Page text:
The National Park Service manages over 63 national parks for all public land lovers to enjoy. And while each park has something different and unique to offer, they don’t all offer great experiences for folks with disabilities who need to consider things like ramps and trail widths, or ADA-compliant, wheelchair-friendly hotels. Thankfully, that’s been changing. In 2012 the NPS established an Accessibility Task Force to work on improving access and ADA compliance across its parks. Four in particular stand out in terms of both accessibility and opportunities offered for activities worth putting on any disabled visitor’s list. Before heading to one of these parks, consider applying for a NPS Access Pass, which is a discounted lifetime pass ($10 processing fee) that allows people with permanent disabilities to visit more than 2,000 recreation sites for free.
Grand Canyon National Park
Though the Grand Canyon is one of the most popular national parks, don’t be intimidated by its iconic topography; you can get some of the best views available from the rim, without descending the steep and rocky paths toward the Colorado River. Head to the South Rim, which is dotted with wheelchair-accessible overlooks (the best view is from Mather Point), and where free ramp-equipped shuttles can deliver visitors to various spots in the area. Guests can also get a Scenic Drive Accessibility Permit, which offers entrance to certain areas that are closed to regular traffic. If you want to experience the river itself, Arizona Raft Adventures can outfit and guide your trip. They have ramps to launch their motorized boats, wheelchair tracks for sand, and alternate hiking and toilet systems. For those who prefer terra firma, you can’t beat the 13-mile Rim Trail, much of which is accessible and frequently crosses shuttle pickup spots. For a shorter jaunt, head to the 1.3-mile Trail of Time (which is part of the Rim Trail). It starts at Verkamp’s Visitor Center and ends at the Yavapai Geology Museum. You experience spectacular views and can expect to learn a handful of interesting facts along the way.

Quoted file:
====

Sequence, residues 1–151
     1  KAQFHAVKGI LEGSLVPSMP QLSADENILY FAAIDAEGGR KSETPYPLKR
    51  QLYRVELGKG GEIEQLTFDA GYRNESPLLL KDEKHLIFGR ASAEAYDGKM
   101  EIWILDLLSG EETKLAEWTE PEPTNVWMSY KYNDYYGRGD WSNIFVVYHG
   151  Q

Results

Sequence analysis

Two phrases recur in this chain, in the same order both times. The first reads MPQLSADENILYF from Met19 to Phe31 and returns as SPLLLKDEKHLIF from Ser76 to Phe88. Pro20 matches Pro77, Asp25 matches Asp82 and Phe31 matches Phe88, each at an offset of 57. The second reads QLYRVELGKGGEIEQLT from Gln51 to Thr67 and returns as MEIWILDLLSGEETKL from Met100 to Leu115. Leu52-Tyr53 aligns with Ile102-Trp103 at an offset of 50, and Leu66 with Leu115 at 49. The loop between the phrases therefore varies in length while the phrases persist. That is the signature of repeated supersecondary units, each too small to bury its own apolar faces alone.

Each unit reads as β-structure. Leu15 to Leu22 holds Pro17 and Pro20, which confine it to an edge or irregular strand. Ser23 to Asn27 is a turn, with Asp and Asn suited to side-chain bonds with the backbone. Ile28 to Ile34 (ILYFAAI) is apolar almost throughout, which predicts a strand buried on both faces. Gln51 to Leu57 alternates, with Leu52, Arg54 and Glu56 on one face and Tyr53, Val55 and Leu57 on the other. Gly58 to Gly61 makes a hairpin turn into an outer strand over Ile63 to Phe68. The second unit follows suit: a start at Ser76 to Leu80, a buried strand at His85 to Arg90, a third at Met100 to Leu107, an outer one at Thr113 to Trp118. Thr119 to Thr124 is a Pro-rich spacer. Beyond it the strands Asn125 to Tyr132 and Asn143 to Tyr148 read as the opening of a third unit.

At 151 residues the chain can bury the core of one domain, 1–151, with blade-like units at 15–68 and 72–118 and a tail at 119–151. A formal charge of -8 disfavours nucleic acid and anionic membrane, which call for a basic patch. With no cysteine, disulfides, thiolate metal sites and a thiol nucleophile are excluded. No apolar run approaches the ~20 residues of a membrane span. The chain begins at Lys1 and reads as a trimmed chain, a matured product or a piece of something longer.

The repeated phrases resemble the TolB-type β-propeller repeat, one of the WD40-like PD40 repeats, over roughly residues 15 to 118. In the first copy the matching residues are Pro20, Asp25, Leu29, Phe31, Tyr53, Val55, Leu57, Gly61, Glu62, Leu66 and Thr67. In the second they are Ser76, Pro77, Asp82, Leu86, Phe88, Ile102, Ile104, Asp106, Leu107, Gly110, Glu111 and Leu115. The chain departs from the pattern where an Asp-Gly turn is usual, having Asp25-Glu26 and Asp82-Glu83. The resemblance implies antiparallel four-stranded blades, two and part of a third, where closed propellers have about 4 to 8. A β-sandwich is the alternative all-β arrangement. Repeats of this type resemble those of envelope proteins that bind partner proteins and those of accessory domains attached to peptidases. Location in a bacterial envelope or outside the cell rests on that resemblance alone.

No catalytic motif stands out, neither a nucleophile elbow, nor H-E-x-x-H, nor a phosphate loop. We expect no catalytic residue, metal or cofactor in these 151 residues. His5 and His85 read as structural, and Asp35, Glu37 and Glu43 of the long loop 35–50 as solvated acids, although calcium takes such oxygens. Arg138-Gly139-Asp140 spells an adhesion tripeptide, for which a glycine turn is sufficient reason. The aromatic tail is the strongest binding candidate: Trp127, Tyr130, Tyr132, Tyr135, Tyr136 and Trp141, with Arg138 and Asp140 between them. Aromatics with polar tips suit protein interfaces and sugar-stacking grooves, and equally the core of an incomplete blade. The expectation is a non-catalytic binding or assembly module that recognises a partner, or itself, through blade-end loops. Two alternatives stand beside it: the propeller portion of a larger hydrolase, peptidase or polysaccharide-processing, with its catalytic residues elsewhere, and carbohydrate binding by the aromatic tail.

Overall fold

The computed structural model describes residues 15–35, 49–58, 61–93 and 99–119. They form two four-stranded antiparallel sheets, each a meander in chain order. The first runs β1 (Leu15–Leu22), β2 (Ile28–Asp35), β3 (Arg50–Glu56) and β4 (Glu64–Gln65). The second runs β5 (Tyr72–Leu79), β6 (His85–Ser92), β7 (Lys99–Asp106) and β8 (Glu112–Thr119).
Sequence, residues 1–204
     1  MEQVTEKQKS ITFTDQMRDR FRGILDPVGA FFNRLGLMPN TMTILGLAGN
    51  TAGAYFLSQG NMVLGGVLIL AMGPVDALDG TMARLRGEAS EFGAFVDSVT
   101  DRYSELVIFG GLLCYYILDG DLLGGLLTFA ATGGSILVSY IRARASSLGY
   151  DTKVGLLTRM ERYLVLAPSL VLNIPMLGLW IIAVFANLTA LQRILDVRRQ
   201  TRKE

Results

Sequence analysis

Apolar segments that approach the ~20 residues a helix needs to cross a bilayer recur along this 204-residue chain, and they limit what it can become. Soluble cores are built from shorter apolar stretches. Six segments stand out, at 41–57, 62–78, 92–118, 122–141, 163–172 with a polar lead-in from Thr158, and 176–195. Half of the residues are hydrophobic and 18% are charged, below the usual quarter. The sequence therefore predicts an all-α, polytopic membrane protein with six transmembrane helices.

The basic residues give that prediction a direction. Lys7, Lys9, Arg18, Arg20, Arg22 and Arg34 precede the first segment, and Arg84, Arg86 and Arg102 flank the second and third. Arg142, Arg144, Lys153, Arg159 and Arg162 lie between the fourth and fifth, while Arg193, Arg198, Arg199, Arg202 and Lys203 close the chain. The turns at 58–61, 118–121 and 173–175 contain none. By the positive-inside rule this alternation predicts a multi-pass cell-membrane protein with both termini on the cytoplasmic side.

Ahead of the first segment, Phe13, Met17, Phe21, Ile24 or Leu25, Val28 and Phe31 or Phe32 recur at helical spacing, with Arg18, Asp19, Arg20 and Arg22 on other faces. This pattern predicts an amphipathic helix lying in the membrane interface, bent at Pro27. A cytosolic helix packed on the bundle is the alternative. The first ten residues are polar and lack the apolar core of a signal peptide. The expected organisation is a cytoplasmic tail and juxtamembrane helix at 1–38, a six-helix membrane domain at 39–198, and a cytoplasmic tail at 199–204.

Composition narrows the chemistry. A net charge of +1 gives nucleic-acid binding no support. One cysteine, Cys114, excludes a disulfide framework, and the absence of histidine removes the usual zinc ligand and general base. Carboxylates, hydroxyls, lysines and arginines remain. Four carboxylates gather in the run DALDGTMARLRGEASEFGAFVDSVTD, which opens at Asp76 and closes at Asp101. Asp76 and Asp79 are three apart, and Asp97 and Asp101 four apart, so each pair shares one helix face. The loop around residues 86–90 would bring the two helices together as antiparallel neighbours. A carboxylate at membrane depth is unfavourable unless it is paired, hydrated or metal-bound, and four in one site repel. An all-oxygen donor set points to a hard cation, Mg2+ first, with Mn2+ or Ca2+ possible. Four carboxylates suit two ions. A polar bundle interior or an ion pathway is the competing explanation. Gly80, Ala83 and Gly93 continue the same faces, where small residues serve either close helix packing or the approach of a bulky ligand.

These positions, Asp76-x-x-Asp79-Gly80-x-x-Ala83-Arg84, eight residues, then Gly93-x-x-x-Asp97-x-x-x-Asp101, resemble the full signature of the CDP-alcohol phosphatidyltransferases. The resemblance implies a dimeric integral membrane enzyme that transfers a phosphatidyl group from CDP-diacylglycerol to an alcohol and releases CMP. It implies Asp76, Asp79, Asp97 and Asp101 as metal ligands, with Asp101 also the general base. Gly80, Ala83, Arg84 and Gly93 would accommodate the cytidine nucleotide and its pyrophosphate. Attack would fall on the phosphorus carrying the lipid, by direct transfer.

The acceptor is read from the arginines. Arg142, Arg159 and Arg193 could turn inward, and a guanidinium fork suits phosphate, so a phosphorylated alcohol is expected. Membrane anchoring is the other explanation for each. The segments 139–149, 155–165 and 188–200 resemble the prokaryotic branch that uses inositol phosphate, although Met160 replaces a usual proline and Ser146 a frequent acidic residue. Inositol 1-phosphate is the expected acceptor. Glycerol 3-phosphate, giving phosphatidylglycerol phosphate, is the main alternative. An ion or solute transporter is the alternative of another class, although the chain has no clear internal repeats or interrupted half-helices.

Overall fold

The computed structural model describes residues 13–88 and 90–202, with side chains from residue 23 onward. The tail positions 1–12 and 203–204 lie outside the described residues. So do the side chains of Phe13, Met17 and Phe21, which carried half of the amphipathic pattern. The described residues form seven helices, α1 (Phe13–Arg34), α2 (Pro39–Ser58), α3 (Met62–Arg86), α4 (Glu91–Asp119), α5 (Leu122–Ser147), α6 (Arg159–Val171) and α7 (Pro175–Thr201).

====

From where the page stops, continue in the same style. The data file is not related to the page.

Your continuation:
Yellowstone National Park
Most people think of Old Faithful when they think of Yellowstone, which to be fair, is spectacular and one of the more predictable geysers of the massive Wyoming park’s few hundred. It’s a can’t-miss stop when visiting the park, and there’s a wheelchair-accessible boardwalk that leads right to it (you can borrow a wheelchair at the lodge if you need one). There’s accessible parking at the Old Faithful Inn and from there you can check out the Morning Glory Pool and a few other area geysers (Riverside, Castle, and Daisy). If you download the app GeyserTimes, you can see when each is predicted to erupt. The park also has an accessible fishing site on the Madison River at the Mount Haynes Overlook. The NPS Yellowstone National Park app also has audio tours of different sites and is an effective way to get current information about accessibility for various trails and destinations in the park.
Great Sand Dunes National Park
The rippling 150,000-acre sand dunes are flanked by the beautiful Sangre de Cristo Mountains. While sand dunes and wheelchairs don’t mix, sand dunes and specialized wheelchairs (fit with large inflatable tires) do mix. Thankfully, visitors are free to use one of these wheelchairs and can even reserve them ahead of time during busy seasons. You’ll need someone to help push through the sand, especially if you want to get to the top of the dunes. The southern Colorado park has a handful of accessible campsites at Piñon Flats Campground and the picnic area is accessible as well.
Acadia National Park
This gem in the northeast shines in terms of accessibility. There are free daily shuttles that transport visitors from nearby villages to the park (all are handicap-accessible), which is ripe with accessible beaches, picnic areas, trails, and museums. The Maine park will provide ASL interpreters if asked three weeks in advance and has braille brochures, assistive listening devices, and audio tours available. Echo Lake, Sand Beach, and Ike’s Point have accessible options. Echo Lake has wheelchair-accessible parking spots and a path to the water. Jesup Path, a 1.5-mile out-and-back, offers an accessible boardwalk that travels through a forest of white birch.